It is widely believed in the EA community that AI progress is acutely harmful by substantially increasing X-risks. This has led to a growing priority on pushing against work advancing AI capabilities.[1]

On the other hand, economic growth, scientific advancements, and (non-AI) technological progress are generally viewed as highly beneficial, improving the quality of the future provided there are no existential catastrophes.[2]

But here’s the problem: contributing to this general civilizational progress that benefits humanity also substantially benefits AI researchers and their work.

My intuitive reaction here (and that of most, I assume) is maybe something like “yeah ok but surely this doesn’t balance out the benefits. We can’t tell the overwhelming majority of humans that we’re gonna slow down science, economic growth and improving their lives with these (and those of their descendants) until AI is safe just because these would also benefit a tiny minority that is making AI less safe”.

However, there has to be some threshold of harm (from AI development) beyond which we would think slowing down technological progress generally (and not only AI progress) would be worth it.

So what makes us believe that we’re not beyond this threshold?

  1. ^

    For example, on his 80,000 hours podcast appearance, Zvi Mowshowitz claims that it is "the most destructive job per unit of effort that you could possibly have". See also the recent growth of the Pause AI movement.

  2. ^

    For recent research and opinions that go in that direction, see Clancy 2023; Clancy and Rodriguez 2024.

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I don't think your bolded conclusion holds. Why does there have to be such a threshold? There are reasonable world-models that have no such thing.

For example: suppose that we agreed not to research AI, and could enforce that if necessary. Then no matter how great our technological progress becomes, the risk from AI catastrophe remains at zero.

We can even suppose that increasing technological progress more generally includes a higher sanity waterline, and so makes such a coordination more likely to occur. Maybe we're near the bottom of a curve of technology-vs-AI-risk, where we're civilizationally smart enough to make destructive AI but not enough to coordinate to do something which is not that. That would be a case for accelerating technology that isn't AI as risk from AI in the model increases.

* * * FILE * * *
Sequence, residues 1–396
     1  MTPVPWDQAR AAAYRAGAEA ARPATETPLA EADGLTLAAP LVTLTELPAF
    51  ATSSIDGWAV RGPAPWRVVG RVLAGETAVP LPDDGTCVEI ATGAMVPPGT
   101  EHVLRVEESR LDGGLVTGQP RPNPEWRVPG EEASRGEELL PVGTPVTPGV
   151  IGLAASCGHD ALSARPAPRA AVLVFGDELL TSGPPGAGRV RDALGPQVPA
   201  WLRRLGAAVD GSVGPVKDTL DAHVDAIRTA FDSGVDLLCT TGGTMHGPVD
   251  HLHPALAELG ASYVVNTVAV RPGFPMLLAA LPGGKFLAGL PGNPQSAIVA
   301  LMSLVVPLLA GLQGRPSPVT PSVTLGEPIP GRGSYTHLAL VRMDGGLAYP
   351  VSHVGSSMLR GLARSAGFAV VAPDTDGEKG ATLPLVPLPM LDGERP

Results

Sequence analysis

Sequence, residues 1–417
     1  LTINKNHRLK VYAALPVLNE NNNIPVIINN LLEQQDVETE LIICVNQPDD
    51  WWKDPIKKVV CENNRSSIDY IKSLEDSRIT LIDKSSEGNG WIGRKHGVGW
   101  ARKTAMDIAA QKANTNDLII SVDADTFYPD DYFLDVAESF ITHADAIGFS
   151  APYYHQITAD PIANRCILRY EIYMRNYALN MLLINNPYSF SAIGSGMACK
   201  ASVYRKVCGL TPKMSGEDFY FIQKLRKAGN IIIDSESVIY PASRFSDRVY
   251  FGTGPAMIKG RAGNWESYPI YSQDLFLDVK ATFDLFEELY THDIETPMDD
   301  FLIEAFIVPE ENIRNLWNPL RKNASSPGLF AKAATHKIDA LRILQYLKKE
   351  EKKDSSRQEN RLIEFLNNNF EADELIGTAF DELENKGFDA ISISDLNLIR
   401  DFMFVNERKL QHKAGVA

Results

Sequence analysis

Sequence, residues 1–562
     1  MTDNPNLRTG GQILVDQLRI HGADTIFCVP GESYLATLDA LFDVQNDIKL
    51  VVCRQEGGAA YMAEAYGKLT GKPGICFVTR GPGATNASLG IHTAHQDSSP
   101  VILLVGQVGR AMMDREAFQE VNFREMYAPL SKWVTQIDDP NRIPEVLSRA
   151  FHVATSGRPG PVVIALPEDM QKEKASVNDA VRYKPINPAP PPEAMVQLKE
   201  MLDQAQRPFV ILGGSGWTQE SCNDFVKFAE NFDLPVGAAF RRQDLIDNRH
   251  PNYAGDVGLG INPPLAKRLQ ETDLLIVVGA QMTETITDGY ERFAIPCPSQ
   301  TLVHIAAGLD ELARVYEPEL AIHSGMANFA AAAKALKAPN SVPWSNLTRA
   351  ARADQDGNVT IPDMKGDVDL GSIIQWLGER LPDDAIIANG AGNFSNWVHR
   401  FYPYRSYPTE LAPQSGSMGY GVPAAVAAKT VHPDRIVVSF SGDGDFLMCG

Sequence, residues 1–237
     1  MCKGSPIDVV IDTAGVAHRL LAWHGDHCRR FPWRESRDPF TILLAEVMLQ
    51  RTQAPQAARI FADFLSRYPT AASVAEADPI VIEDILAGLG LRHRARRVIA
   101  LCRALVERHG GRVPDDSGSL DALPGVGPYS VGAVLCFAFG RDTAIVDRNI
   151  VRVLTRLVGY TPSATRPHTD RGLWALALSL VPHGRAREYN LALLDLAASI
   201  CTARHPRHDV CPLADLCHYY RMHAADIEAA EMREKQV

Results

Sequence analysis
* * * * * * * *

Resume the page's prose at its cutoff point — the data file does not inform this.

A few minutes thought reveals other models where no such threshold exists.

So there is a case where there may exist such a threshold, and perhaps we are beyond it if so. I don't see evidence that there must exist such a threshold.

Thanks, that's fair! Such a threshold exists if and only if you assume 
- non-zero AI research (which is the scenario we're interested in here I guess), 
- technological progress correlates with AI progress (which as you say is not guaranteed but that still seems very likely to me),
- maybe a few other crucial things I implicitly assume without realizing.

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The problem is that the public correctly perceives that economic growth and technological progress make the average life better, so it is hard to get political support for any measures to slow them down. I can think of two policy proposals that already have a lot of support that we could throw our weight behind. Most supporters of these proposals are unaware of the significant progress-slowing effects of these proposals, which is the only reason they are as popular as they are. I don't want to say more in public because it makes us AI decelerationists look bad to casual readers, but I welcome PMs on the subject.

To directly answer your question: yes, if you value the survival of our species rather than just the experiences of the current generation of humans, a general slowdown of the economy and of human technology would be a good thing given the current situation around AI research. Unless you have some plan for actually effecting a slowdown that is a lot more effective (and less cynical and almost-dishonorable) than what I suggested in the previous paragraph, though, there are better courses of action for us to focus our attention on.

I'm assuming that the only effective ways of slowing down 'progress' is to get laws passed.

Interesting points, thanks!

> The problem is that the public correctly perceives that economic growth and technological progress make the average life better, so it is hard to get political support for any measures to slow them down.

I mean, if we think these things are actually bad overall (which I'm not convinced of but maybe), we could at least avoid doing things that directly or indirectly promote or generate more economic growth for example. There are some very low-hanging fruits.